A poll from NBC News and the Wall Street Journal this week gives us surprising numbers about the strong support for abortion rights in America. In fact, support for the Supreme Court decision Roe v. Wade, which provided the basis for legalizing abortion, is at an all time high.
According to the poll, a full 71 percent of American voters believe the decision should not be overturned. Only 23 percent support reversing the decision.
Even across party lines, support for Roe is strong. It’s unsurprising that 88 percent of Democrats do not want the decision overturned, but even a majority—52 percent—of Republicans agree. Among independents, the number is a high 76 percent. Only 39 percent of Republicans believe Roe should be overturned.
This is extremely encouraging news for people concerned about the future of reproductive rights under the Trump administration and beyond. Yet it’s also confusing, given that Republican politicians still largely run on anti-abortion platforms. Supreme Court nominee Brett Kavanaugh is most likely to be the one who decides Roe’s fate, and though he’s been cagey about it in interviews, there’s plenty of evidence to suggest he would overturn it.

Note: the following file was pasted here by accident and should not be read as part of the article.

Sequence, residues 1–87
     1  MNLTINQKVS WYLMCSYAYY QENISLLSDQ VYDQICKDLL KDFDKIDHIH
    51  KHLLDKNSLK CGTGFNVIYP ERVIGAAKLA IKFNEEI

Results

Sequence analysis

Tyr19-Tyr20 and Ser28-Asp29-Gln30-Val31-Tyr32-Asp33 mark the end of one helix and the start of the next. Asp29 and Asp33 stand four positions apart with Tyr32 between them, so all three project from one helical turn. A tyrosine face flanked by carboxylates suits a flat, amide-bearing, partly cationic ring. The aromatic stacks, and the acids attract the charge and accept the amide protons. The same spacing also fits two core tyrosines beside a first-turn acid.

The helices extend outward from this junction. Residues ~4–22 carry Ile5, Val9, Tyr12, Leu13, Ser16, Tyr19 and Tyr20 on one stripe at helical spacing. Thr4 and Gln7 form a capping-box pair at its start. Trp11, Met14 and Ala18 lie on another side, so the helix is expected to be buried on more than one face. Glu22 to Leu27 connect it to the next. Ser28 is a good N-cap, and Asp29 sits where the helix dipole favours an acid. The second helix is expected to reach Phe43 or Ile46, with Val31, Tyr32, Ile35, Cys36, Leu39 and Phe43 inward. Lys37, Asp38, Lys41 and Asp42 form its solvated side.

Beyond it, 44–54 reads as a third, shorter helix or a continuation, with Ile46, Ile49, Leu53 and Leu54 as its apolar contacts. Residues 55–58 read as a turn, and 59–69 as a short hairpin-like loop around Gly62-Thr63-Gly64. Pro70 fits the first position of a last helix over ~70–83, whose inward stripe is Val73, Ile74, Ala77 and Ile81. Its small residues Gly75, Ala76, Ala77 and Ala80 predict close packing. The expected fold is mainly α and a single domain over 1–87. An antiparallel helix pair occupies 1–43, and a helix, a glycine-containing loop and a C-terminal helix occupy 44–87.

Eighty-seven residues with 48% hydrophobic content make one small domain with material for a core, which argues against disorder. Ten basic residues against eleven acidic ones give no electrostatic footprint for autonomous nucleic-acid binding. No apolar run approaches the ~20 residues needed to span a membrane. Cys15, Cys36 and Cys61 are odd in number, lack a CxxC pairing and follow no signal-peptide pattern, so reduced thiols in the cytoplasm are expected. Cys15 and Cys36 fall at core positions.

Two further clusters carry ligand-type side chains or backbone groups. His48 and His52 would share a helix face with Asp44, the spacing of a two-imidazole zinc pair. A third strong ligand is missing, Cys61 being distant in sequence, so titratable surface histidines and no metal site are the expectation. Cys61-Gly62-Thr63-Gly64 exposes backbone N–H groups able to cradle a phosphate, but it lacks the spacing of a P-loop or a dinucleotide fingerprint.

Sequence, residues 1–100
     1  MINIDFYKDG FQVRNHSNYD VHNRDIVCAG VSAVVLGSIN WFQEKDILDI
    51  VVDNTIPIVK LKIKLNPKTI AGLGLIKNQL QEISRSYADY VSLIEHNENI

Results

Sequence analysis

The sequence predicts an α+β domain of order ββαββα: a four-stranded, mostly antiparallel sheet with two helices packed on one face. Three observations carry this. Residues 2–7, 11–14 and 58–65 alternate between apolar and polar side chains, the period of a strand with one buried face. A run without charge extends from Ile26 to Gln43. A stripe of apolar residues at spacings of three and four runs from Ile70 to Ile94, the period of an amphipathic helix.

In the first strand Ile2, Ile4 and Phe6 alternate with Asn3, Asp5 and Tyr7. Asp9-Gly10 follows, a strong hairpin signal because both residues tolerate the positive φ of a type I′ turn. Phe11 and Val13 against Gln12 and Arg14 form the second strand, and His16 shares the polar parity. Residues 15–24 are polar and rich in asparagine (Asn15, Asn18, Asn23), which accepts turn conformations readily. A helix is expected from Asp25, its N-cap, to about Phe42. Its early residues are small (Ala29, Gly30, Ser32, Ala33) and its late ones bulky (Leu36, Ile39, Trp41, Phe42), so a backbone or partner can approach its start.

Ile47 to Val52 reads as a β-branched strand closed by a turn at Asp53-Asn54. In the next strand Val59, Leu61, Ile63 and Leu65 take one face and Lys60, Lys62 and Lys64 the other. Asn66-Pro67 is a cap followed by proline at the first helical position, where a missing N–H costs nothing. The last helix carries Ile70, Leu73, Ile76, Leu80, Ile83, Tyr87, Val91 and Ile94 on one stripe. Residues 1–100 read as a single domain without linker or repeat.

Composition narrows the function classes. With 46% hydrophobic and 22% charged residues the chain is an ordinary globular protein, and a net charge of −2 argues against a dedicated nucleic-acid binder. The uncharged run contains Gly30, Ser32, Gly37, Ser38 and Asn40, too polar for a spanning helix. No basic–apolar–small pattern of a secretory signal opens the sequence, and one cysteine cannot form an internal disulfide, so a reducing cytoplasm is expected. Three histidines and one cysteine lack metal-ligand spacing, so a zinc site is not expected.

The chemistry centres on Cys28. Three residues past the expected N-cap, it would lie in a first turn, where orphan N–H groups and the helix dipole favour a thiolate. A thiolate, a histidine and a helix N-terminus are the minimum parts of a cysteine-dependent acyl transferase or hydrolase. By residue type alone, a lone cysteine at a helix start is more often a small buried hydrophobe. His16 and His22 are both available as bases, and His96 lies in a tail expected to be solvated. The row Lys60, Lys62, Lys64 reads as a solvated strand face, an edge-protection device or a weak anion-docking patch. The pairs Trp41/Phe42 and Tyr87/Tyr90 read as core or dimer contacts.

The disregard for voter opinions is a perfect example of the anti-democratic tactics that Republicans have used for decades now. A recent article from the Daily Beast describes how the Federalist Society’s Leonard Leo has spend the last twenty years court packing across the country with conservative—and largely anti-choice—judges.
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“Leonard Leo was a visionary,” said Tom Carter, who served as Leo’s media relations director when he was chairman of the U.S. Commission on International Religious Freedom (USCIRF), in an exclusive interview with The Daily Beast. “He figured out twenty years ago that conservatives had lost the culture war. Abortion, gay rights, contraception—conservatives didn’t have a chance if public opinion prevailed. So they needed to stack the courts.”
There you have it. Republicans don’t care what percentage of the public supports abortion rights. They already have the infrastructure they need to carry out the program they want across the country, whether the public likes it or not.